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Libertarian Hypocrisy

Discussion in 'Elections & Political Parties' started by Beetle Bailey, Jul 20, 2007.

  1. Beetle Bailey

    Beetle Bailey New Member

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    Just lately, we seem to hear more people proclaim themselves to be "libertarian". They can't really seem to define what that means. But they like the sound of vague platitudes. Most of these recent "converts" are not very convincing. They are just angry about how far the Republican Party (their natural habitat) has drifted under the idiot in chief. They would like to psychologically distance themselves from the mess created by the president they voted for. Libertarians are just Republicans who want to avoid feelings of guilt and remorse.
    So what do lapsed Republicans like about libertarianism? Is it the romantic image of the rugged individualist? Or is it just the idea of not paying taxes? Lets take a look at some of these beliefs. Here are quotes taken straight from official libertarian documents.
    "People should not be forced to sacrifice their lives and property for the benefit of others."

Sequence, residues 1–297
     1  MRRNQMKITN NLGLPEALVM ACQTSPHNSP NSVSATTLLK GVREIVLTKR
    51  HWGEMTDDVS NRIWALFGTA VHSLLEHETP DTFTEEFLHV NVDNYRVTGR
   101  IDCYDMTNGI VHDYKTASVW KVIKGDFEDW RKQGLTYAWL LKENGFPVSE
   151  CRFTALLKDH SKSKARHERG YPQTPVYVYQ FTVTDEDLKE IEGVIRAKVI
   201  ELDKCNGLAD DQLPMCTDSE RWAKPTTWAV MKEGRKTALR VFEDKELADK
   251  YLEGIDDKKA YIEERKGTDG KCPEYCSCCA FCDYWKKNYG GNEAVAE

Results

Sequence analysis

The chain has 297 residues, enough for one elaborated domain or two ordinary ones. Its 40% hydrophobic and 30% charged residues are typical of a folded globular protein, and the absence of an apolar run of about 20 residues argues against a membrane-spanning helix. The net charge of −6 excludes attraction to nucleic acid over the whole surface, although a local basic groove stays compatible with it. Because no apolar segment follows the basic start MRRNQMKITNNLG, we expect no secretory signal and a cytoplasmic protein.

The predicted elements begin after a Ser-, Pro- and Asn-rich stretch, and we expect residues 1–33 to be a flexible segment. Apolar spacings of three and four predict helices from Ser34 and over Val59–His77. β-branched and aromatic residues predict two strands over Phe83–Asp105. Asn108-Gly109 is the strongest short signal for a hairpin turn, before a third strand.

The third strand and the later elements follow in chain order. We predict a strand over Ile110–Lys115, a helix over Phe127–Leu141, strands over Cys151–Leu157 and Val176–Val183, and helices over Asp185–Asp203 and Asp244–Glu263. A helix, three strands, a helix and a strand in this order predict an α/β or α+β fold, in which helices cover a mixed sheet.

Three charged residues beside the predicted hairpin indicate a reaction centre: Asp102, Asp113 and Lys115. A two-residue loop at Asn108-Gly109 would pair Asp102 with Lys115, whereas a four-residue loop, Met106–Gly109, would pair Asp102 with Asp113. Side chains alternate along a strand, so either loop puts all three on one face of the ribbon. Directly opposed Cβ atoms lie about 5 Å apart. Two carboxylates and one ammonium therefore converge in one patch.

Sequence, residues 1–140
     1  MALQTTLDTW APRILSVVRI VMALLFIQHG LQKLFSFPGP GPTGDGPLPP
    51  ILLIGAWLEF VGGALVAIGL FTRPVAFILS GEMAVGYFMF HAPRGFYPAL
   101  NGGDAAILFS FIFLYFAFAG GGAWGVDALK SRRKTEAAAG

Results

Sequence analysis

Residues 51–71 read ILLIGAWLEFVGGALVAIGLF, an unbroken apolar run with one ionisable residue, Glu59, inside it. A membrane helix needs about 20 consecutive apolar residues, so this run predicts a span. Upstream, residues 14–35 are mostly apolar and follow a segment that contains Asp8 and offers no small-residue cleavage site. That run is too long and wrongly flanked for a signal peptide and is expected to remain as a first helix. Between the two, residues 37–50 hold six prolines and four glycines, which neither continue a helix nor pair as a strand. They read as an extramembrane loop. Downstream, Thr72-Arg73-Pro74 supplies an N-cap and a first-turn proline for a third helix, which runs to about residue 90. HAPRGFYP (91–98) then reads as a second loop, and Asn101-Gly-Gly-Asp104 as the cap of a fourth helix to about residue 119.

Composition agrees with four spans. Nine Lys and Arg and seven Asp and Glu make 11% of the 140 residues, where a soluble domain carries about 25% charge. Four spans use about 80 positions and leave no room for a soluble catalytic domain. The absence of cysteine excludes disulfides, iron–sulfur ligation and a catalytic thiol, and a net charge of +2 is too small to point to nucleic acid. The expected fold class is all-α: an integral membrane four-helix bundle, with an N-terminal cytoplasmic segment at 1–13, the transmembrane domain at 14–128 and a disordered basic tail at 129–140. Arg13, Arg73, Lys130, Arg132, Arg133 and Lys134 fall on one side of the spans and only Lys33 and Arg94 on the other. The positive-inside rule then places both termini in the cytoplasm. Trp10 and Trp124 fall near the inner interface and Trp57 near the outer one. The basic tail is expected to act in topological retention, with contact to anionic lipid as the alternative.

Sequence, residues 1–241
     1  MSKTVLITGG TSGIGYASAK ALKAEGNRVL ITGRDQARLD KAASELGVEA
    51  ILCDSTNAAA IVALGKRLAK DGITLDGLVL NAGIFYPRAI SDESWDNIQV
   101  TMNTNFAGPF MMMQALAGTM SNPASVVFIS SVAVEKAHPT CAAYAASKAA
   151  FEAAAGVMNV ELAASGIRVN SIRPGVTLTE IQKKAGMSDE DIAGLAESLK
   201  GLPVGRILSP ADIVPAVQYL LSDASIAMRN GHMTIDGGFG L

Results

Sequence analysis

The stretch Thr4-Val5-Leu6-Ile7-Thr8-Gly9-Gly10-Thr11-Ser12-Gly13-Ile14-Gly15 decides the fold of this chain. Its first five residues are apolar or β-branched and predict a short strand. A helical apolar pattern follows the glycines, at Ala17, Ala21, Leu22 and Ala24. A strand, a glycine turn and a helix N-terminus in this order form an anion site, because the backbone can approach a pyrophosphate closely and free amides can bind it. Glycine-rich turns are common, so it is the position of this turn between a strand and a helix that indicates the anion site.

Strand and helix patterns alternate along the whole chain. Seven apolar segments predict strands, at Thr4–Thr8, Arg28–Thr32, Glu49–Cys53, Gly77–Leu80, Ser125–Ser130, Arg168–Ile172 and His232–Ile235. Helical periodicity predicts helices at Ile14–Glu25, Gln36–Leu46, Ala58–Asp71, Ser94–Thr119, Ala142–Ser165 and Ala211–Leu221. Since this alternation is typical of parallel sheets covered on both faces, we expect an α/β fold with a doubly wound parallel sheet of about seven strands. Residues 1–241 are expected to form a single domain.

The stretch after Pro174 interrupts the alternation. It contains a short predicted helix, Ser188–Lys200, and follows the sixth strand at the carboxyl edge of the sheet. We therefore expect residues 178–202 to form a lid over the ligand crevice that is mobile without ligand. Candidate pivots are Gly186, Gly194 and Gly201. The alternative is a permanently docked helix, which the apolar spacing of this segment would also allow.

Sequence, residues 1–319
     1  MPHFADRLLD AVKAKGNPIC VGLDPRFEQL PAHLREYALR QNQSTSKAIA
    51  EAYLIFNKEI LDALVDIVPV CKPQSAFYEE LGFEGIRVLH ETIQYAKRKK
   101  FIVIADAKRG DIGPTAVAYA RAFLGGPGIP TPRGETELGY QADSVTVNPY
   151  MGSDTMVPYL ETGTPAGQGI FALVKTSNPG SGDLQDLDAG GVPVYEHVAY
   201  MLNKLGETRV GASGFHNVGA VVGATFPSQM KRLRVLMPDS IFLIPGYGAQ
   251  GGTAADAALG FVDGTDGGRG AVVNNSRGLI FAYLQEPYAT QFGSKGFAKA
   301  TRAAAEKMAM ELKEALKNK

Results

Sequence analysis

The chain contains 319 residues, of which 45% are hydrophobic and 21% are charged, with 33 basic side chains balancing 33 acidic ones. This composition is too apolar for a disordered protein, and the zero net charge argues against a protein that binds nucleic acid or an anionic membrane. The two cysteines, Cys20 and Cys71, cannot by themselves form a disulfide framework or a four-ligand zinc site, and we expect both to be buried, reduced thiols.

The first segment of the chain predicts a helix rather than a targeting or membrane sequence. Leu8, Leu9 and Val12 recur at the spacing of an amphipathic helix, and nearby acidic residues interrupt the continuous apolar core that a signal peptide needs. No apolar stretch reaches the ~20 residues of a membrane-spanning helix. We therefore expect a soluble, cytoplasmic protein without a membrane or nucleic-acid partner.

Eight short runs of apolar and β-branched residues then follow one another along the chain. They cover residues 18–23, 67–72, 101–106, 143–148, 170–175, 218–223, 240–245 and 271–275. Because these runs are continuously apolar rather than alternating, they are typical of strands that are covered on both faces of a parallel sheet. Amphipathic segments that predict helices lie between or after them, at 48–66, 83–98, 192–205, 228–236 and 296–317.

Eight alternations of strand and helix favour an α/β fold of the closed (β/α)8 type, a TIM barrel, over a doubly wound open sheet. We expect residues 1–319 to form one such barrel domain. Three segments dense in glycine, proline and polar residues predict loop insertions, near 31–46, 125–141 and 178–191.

"Repeal all laws that presume government knows better than the individual how to run that person's life."
    "We oppose all taxation."
    "An armed citizenry is essential to a free society"
    And so on. Mostly vague crap. But filled with far reaching implications. They are quick to point out how much they have in common with "liberals". They are against coerced military service, government spying on citizens, discrimination against gays. They are pro-abortion rights. They are for the right to free speech and disent, strict separation of church and state. Some good things. They seem to have some common ground with other people.
    Yet, to libertarians common ground is a foriegn concept. They don't think anything should be commonly owned. And the common good means nothing to them. To libertarians government is evil. It should not regulate anything. Drugs, food, the environment, guns, anything. Libertarian credo dictates that your neighbor could have what ever fire power he wants and use it any way he chooses, as long as he doesn't shoot your dog. Libertarians are opposed to all zoning laws. They believe that if someone bought property next to yours, they ought to be able to build a gas station, a skyscraper, a toxic dump, what ever.
    Sounds like a world that might work if it were only populated by a few hundred people. These people are so full of ****. Such hypocrites. I have yet to meet one who would turn down unemployment benefits or a social security check. I have yet to see any libertarian pick up his own garbage, repair his street, or reject FEMA money when his beach house was washed out to sea. They don't seem to have the courage of there so called convictions. Go figure.
     
  2. JavaBlack

    JavaBlack New Member

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    ...

    Libertarianism is a pretty diverse ideology ranging from left to right and moderate to radical. What you're talking about seems to be the vast exodus to the Libertarian Party by dissaffected members of other parties.